Choosing the Amazon Linux 2 AMI (HVM) Choosing the Amazon Linux 2 AMI (HVM)

3. To setup the instance, leave the instance type as default (t2.micro) and click Next: Configure Instance Details.

Viewing the instance type in action Viewing the instance type in action

4. Click Next: Add Storage after enabling the Auto-assign Public IP option. This option guarantees that each of your containers has access to your Kubernetes master node’s public IP as well as your EC2 instances.

Configuring the instance information Configuring the instance information

5. In the Add Storage tab, keep the default (Root) and click Next: Add tags. To read and write data from inside the instance, the Root volume is necessary.

Setting up the storage Setting up the storage

6. Click Next: Configure Security Group instead of inputting tags.

Examining the tags Examining the tags

7. Keep the security group’s settings, as indicated below, and click Review and Launch.

The Security Group in Detail The Security Group in Detail

8. Review the instance launch information before pressing the Launch button to start the instance. You’ll be given the option of selecting a current key combination or creating a new one in a pop-up window (step nine).

Creating a new instance Creating a new instance

9. In the dialog box that appears, set the key pair as follows:

  • Select In the dropdown box, create a new key pair.
  • As the key pair type, choose RSA.
  • Choose a name for your key pair. The key pair name is set to my-nvkp for this tutorial.
  • Then choose Download Key Pair and Launch Instances.

Making a new pair of keys Making a new pair of keys

It may take a minute or two for your instance to fully start. When your instance is up and running, it will appear on your EC2 dashboard, as seen below.

Seeing the newly-created instance in action Seeing the newly-created instance in action

AWS CLI Tool Configuration

It’s time to set up the command line (CLI) tools now that your instance is up and running. In order to build your Kubernetes cluster, you’ll need to use the CLI tools in combination with your AWS account.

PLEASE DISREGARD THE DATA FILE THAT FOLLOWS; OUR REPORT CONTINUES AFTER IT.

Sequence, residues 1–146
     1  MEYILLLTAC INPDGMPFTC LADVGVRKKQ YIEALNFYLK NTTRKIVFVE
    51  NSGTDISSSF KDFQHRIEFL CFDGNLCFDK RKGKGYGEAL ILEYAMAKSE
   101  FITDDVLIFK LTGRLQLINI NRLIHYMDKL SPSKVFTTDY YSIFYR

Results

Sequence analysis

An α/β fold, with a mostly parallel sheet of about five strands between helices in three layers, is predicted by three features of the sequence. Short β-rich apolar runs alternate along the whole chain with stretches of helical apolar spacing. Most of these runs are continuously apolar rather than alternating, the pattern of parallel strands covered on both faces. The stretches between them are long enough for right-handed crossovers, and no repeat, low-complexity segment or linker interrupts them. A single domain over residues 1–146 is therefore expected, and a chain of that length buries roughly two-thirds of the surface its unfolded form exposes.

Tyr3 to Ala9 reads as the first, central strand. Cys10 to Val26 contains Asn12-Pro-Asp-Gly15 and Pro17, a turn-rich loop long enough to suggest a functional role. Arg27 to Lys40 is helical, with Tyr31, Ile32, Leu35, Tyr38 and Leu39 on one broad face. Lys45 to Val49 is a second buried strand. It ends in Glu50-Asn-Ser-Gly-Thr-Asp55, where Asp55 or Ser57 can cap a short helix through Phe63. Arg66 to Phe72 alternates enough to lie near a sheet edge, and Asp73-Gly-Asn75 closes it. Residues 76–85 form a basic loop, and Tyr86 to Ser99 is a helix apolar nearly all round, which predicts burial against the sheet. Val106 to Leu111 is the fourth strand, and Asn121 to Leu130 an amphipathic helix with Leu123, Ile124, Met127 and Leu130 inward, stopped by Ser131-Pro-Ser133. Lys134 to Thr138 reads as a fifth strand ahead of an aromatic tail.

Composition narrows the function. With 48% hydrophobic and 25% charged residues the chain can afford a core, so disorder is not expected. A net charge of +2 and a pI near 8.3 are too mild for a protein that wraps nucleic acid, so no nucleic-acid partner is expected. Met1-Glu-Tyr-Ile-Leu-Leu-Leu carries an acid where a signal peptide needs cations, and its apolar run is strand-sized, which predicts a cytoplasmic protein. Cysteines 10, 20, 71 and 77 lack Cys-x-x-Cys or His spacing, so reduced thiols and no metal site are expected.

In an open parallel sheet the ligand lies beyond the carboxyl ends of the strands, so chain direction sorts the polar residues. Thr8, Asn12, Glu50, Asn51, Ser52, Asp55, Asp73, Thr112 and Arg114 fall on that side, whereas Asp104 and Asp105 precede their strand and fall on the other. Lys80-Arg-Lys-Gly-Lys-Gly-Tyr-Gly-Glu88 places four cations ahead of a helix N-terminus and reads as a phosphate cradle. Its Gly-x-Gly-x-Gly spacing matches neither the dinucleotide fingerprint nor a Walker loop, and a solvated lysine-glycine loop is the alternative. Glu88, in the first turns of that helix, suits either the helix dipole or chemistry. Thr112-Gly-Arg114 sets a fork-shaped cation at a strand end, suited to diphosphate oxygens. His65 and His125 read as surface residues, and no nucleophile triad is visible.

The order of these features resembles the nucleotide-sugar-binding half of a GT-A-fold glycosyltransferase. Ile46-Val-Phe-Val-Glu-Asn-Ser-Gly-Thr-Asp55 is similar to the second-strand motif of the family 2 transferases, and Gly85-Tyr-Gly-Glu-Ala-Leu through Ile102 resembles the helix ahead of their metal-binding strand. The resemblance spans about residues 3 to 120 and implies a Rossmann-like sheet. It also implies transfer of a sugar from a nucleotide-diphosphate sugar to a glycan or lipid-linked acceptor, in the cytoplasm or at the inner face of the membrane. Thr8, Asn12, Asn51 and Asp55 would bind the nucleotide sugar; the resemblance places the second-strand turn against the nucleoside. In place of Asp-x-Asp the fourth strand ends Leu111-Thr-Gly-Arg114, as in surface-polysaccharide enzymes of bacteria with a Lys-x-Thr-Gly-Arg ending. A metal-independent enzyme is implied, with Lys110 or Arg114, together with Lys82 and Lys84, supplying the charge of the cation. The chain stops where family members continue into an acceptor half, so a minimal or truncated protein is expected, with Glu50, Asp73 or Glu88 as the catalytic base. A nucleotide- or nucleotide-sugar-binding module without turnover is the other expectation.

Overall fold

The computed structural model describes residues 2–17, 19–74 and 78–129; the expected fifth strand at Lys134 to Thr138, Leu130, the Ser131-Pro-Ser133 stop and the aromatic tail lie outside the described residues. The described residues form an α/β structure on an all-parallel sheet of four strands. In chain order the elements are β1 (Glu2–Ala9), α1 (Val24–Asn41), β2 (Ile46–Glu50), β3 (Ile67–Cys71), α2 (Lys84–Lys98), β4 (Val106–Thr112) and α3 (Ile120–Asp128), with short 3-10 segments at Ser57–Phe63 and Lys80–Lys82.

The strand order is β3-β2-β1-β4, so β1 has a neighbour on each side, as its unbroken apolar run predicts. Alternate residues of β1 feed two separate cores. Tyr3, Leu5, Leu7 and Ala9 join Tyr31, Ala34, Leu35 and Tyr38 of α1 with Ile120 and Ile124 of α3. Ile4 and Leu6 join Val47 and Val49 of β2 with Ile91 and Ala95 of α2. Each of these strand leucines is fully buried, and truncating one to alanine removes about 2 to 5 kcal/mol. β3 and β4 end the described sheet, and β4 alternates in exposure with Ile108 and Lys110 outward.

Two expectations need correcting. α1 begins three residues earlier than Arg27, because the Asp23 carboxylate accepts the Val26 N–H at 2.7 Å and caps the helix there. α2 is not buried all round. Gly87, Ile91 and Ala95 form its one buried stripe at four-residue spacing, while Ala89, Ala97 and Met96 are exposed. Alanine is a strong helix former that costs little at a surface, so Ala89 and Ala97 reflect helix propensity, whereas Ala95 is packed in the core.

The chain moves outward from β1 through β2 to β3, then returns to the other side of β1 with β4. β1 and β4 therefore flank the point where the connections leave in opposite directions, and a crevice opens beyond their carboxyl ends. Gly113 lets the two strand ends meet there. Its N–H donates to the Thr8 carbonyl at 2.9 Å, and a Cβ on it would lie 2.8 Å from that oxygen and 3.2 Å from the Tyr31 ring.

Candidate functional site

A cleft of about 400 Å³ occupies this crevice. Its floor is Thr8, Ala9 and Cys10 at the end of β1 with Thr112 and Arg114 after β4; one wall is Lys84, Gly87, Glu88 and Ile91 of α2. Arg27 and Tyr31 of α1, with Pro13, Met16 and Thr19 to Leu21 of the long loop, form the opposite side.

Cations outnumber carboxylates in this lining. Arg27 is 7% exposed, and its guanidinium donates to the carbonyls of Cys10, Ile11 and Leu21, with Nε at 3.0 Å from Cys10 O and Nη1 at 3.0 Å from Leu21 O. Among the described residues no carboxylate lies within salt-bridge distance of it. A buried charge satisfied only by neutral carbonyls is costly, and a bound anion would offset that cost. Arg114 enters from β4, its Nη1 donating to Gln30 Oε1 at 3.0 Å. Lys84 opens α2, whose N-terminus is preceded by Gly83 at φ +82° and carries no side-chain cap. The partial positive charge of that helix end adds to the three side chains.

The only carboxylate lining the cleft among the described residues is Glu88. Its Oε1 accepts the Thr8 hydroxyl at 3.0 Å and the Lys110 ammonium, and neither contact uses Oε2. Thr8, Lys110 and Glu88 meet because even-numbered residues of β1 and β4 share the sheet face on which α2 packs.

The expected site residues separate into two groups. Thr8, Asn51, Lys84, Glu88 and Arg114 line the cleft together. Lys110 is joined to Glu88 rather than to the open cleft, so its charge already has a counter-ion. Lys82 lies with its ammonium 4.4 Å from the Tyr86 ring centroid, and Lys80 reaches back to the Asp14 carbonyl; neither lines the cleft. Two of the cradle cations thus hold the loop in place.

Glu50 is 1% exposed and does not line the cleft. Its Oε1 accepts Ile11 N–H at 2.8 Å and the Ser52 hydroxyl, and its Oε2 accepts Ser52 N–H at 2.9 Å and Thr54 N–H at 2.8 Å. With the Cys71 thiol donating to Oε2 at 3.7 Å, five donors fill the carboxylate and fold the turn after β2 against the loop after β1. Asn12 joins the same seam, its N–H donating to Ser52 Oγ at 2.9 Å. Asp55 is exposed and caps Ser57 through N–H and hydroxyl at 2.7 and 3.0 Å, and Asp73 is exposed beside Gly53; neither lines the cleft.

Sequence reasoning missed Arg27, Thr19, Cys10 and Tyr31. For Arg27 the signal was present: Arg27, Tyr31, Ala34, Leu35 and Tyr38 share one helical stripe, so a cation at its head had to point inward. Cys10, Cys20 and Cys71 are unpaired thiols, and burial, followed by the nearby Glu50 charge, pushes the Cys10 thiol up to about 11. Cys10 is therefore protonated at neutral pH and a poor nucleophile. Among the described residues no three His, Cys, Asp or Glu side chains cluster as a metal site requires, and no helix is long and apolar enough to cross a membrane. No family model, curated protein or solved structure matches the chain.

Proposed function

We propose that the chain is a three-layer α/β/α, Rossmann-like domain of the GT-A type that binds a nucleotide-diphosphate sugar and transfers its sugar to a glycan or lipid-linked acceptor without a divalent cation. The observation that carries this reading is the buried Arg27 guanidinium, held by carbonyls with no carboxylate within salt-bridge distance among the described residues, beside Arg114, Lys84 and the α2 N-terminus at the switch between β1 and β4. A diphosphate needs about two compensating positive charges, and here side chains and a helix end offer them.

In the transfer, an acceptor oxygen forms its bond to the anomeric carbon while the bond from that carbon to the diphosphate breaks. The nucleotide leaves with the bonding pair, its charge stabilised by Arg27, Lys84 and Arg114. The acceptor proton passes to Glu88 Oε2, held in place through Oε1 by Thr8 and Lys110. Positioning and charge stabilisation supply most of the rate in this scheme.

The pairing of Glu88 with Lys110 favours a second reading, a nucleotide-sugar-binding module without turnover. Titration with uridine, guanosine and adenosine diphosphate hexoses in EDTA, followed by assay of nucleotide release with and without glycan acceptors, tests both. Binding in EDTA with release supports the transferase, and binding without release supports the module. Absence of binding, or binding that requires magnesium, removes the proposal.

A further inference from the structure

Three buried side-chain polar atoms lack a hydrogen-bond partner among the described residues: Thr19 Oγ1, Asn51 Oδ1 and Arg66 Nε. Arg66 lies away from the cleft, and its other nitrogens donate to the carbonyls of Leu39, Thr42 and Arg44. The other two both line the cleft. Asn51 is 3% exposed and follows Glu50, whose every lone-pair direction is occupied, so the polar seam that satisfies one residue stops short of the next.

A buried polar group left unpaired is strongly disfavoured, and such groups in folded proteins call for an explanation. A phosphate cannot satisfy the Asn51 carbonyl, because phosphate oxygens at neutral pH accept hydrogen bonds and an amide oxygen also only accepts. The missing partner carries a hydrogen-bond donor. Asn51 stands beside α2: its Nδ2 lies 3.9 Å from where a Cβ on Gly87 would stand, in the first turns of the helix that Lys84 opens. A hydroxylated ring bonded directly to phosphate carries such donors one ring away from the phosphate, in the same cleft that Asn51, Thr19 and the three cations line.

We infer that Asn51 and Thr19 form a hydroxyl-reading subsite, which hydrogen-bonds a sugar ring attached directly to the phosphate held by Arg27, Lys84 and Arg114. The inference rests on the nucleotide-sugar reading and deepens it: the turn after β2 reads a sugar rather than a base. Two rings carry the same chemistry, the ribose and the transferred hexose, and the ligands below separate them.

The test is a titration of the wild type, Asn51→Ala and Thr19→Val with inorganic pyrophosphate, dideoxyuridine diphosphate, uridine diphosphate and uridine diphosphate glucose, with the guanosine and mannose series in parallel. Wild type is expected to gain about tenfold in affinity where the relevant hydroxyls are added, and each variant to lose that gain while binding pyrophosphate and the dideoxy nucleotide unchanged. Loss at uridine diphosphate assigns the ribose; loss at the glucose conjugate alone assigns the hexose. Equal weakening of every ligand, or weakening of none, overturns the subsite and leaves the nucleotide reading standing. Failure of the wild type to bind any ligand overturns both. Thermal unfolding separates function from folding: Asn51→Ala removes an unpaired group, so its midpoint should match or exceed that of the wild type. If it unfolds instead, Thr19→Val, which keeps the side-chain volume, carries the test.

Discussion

1. Check the box to choose the instance from your EC2 dashboard, as shown below. To begin Getting connected to the instance, click Connect.

The Ec2 instance is being connected to. The Ec2 instance is being connected to.

2. Then, to connect to the instance you chose in step one, click the Connect button.

Getting connected to the instance Getting connected to the instance

Your browser will redirect to the interactive terminal displayed below as your temporary SSH connection with your EC2 instance after you’ve connected to it.

You may connect to the command line and perform administrative tasks on your new instance using the interactive terminal.

The interactive terminal in action The interactive terminal in action

3. Check your CLI version with the aws command.

As you can see from the results below, your Amazon Linux 2 instance is running version 1.18.147, which is out of date. To utilize all of the Kubernetes capabilities, you must download and install AWS CLI version 2+. (step three).

Verifying AWS CLI version Verifying AWS CLI version

4. Now, use the curl command to download the CLI tool v2+ and store it in the awscliv2.zip zip file.

curl -o “awscliv2.zip” “https://awscli.amazonaws.com/awscli-exe-linux-x86 64.zip”

Obtaining the CLI tool version 2+ Obtaining the CLI tool version 2+

5. Unzip the supplied file and identify where the old AWS CLI is installed using the instructions below.

unzip the awscliv2.zip file.

The old AWS CLI is installed at /usr/bin/aws, as seen in the output below. This route must be updated with the latest version.

Updates to the AWS CLIUpdates to the AWS CLI